As the photo boldly proclaims, I took this picture. What the hell is this picture you ask? These are yeast cells magnified 100 times. I work with yeast. Unlike people, it's a lot easier to grow large numbers of yeast and you don't feel bad when you kill them. The glowing dots are structures within the cell that I have made glow under UV light by adding a fluorescent protein.
This picture took 1.5 years of my life to get.
And people wonder why it takes so long to develop a new drug.....
So, cell biology. It's the subject I'm getting my PhD in. Ironically, it also happens to be the worst grade I got in college in any class (a C- ; don't even get me started on multiple choice questions that have five blanks in them that's only worth one point total). You may be wondering how cell biology came to be my subject of choice. Well, that's something of a long story. As a kid, I had been interested in physical sciences until I crashed headlong into physics. After that, I decided I would be a chemist. I most certainly was NOT going to be a biologist. I really and truly hated my life sciences class in 7th grade. We had to go out and collect leaves and bugs and things and properly label them for a class project. You had to get a minimum number of points and the kind of thing you brought in was worth a certain number of points. A live animal was worth more than, say, a leaf from a tree. Now, I was never one to like reptiles and amphibians and bugs and those are the things that are easiest to catch. I had to find and identify an obscene number of leaves to get the requisite number of points. We also had to dissect animals. At the beginning of the school year, we got a Big Bag o' Preserved Animals. I don't know where these things came from, but I tell you if I ever run into a grasshopper that large in the wild, I'm turning tail and running away fast. The smell of the clam dissection made me so ill I refused to even try mussels or clams for years afterward. Nope. Not going to be a biologist.
Then, in 10th grade biology, we studied genetics. Just your basic population genetics, but it was enough to get me interested. You mean you could be a biologist and not touch icky things? Bonus! So, when I went to college, I came in Undeclared because I couldn't decide between majoring in biology or chemistry. And I never did decide between the two. BU came up with a Biochemistry and Molecular Biology major that very year (great! I can do both biology and chemistry). So, that's what I majored in and that's when I took cell biology for the first time and I learned to hate multiple-choice exams with the red-hot fury of a thousand suns. I almost changed my major to chemistry after that year, since I seemed to be doing better in my chemistry classes (where they did not have multiple choice exams, btw). But I stuck it out and the next year, I was thrown into a Molecular Biology class with graduate students (I was a junior at this point). Essay exams. I got an A-. (And if not for the bad grade in cell and the one in genetics--which had the same kind of exams--I would've graduated magna cum laude, but as it was, I missed it by 0.01 points. Grrrrrrr)
When I graduated college, I couldn't decide what the hell I wanted to do, so I worked as a research tech for awhile and eventually decided to go to graduate school. I had applied to a cluster of departments that included a Biochemistry and Molecular Biology dept. and a Molecular Genetics and Cell Biology dept. I entered in BMB, but quickly found out that the department should have been named Biochemistry and Biophysics and high-tailed it out of there (I'm so bad at physics, I married my physics tutor so he could take care of any physics I might encounter in the future). So, I ended up in Molecular Genetics and Cell Biology. Then, I ended up joining a lab that studied cell biology and my fate was sealed. For good or ill, I am a cell biologist.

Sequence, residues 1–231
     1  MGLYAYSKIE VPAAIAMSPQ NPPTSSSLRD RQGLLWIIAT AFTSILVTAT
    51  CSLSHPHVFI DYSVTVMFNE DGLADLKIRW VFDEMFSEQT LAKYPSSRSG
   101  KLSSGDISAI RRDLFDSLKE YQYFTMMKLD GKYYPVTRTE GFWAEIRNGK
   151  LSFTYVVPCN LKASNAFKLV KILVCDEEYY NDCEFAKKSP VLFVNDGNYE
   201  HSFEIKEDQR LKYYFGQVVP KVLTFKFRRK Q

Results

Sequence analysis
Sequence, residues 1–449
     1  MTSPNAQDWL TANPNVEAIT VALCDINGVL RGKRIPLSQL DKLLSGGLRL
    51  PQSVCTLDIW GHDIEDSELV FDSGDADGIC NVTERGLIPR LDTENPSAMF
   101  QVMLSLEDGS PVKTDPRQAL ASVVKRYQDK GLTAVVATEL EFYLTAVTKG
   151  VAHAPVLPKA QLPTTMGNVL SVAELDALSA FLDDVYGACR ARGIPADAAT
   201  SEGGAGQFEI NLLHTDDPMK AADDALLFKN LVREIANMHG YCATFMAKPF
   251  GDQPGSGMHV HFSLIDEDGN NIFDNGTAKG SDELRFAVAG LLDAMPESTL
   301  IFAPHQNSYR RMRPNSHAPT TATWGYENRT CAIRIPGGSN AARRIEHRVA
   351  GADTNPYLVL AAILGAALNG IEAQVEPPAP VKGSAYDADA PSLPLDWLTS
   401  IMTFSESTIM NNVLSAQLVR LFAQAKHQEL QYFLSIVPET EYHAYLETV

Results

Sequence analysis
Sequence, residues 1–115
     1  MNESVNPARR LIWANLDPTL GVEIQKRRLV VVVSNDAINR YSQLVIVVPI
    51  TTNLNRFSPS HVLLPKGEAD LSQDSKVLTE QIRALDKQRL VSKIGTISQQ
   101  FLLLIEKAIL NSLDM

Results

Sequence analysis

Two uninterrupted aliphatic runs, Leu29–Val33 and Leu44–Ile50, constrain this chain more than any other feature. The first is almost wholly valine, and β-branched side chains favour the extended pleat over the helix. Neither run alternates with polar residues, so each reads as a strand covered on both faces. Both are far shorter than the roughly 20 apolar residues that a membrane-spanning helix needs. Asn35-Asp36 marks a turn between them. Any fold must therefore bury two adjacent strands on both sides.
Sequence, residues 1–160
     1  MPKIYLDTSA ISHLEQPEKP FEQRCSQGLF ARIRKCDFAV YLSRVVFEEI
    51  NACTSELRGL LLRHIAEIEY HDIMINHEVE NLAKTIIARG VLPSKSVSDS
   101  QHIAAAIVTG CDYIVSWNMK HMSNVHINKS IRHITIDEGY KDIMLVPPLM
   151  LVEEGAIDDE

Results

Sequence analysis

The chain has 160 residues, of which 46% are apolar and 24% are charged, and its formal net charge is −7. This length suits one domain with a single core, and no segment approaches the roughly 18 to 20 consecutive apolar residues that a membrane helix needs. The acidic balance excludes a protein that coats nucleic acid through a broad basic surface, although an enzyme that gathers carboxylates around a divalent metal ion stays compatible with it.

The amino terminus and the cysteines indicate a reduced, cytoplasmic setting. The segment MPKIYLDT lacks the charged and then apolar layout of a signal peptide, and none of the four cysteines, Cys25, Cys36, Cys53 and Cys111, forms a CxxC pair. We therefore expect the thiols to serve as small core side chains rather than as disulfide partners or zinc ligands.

I really do like it--there are so many fascinating things going on in the cells of every living thing. Structures are made and destroyed. Cells reproduce themselves and program themselves to suicide. They have their own waste disposal system, postal service, power plant, and library. And all of those processes are so incredibly complicated, it boggles the mind.*
Mostly, though, when I finally get my PhD, I want to teach cell biology, not research it. The life of a research scientist is stressful and not the kind of life I want to live. The life of a teacher is also stressful, but I believe that I will love it enough to put up with the bullsh*t, unlike with research.
So there you have it. Cell Biology. Sounds a lot friendlier than Molecular Genetics, doesn't it? People still look scared when I tell them, though. I've tried to find a way to break it to them gently, but no luck so far.
*And, as I typed that last sentence, I realized that I had inadvertantly just written a line than is often used to justify the idea of Intelligent Design. And, lest anyone read my blog and think that a scientist has just agreed with them about ID, I want to state very, very clearly that I do not agree with the idea of ID in any way, shape or form. In fact, I believe it is horrible science at best and a fraud and a ploy to try to get schools to teach about creationism at worst. This is not any kind of statement about my religious beliefs or lack thereof. Science and religion are separate disciplines that employ radically different ways of exploring the natural world. You are free to disagree with me, and if it offends you in some way, then you are free to stop reading my blog.